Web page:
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Hog-Shed Pottery Part of East Otto Open House

elliott2By Jeff Martin

What most surprises Elliott Hutten of Hog-Shed Studio Pottery of Otto is that customers keep coming back.

That’s surprising in and of itself, considering that Hutten crafts some of the most ornate and simple functional and decorative pottery in Western New York.

And like her neighbor, Robin Zefers Clark, a watercolorist of note who works and displays her work at Brookside Studio Watercolors, she will open her studio to the public as part of a formal open house on Nov. 2 and 3 from 10 a.m. to 5 p.m.

Part of the East Otto Country Associates group, Hutten has attracted many of her most loyal customers through the Open House, which aims to show the public where some of the most beloved works of art in Western New York are made.

“It’s a very intimate experience for those who come here,” Hutten said in her studio, which serves as both a functional space equipped with a kiln, potter’s wheel and, in its own separate room filled with stones for a floor, a store. Lining five walls are a variety of high- and low-fired pottery pieces, from mugs and plates to bird feeders and vases.

Hutten moved with her husband, Michael, to their present location in 1976. They had been living in Buffalo until then and wanted more space for her pottery business, which started in earnest after she discovered her love for it. A graduate of Damon College, Hutten studied oil painting, but when she thrust her hands into clay she found, much to her surprise, her calling.

“I just love working with it,” she said.

In 1982, she and her husband formed Hog-Shed Studio Pottery, and it’s slowly become a destination of interest for pottery lovers ever since.

“People love that each piece is unique, not something you find in chain stores,” she said. “I mean, the pieces are relatively the same, but the kiln fires each piece in a distinct way. It’s a fascinating process.”

Using a propane-fired kiln in the back room, Hutton and her husband fire the kiln to 2,400 degrees, enough to glaze each piece so that they become, among other things, dishwasher safe. The less porous each piece is, she explained, the more durable it is.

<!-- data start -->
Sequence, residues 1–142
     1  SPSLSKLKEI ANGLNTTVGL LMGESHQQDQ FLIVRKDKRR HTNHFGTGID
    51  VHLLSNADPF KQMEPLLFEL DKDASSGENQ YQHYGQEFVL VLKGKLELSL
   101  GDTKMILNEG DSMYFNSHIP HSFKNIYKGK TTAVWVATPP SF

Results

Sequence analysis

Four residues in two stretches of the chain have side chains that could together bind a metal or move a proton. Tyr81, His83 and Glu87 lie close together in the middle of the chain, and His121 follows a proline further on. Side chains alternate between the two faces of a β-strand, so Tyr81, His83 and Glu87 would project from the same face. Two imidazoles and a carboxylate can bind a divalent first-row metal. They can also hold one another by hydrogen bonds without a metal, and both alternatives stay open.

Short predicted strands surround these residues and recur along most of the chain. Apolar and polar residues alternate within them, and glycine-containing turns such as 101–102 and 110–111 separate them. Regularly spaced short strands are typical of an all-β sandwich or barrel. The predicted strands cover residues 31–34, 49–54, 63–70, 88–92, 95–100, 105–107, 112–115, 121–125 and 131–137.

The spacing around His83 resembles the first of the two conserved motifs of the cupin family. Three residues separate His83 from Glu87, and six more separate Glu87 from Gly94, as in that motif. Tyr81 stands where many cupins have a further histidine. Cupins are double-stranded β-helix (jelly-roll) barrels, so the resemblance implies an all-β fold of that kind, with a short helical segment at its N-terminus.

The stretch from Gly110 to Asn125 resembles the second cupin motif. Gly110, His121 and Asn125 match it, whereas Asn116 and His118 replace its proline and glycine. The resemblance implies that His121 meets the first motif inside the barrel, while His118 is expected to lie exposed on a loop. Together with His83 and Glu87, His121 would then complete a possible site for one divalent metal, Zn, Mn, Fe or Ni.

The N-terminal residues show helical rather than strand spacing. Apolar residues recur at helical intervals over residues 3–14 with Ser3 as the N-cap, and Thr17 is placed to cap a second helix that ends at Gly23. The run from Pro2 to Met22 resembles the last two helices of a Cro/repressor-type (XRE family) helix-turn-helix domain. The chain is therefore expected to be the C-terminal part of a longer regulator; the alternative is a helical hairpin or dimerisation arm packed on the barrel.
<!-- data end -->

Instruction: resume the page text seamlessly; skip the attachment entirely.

Pottery making is an ancient process. Creating the desired piece out of clay, Hutten fires it once and it becomes green ware; a second time, it becomes a bisque. Then it’s waxed and glazed before being fired again, which is the last step before it is placed on the shelf. Holding up a near-finished plate, Hutten shows how various colors become other colors after they are fired.

Most amazing is how designs beneath the colors emerge during a firing.

When people show up for the Open House, Hutten said they will have a chance to see how it’s made and where the pottery is kept. Kids will have the opportunity to take clay and mold it into something unique and, quite possibly, useful.

“It means a lot to people to see where the pottery is made,” she said. “It amazes them so much. I think it’s why so many return.”

At 64, Hutten has little left to prove in the pottery world. She’s experimented with wood-fired pottery in the past and is doing so more and more. In cooperation with a group in Chautauqua County, Hutten just recently put a batch in the wood fire over the weekend. The colors and designs that emerge from such a kiln are nothing short of amazing, she said.

For more information, visit www.hogshedpottery.com or call (716) 257-9549 or 244-2967.

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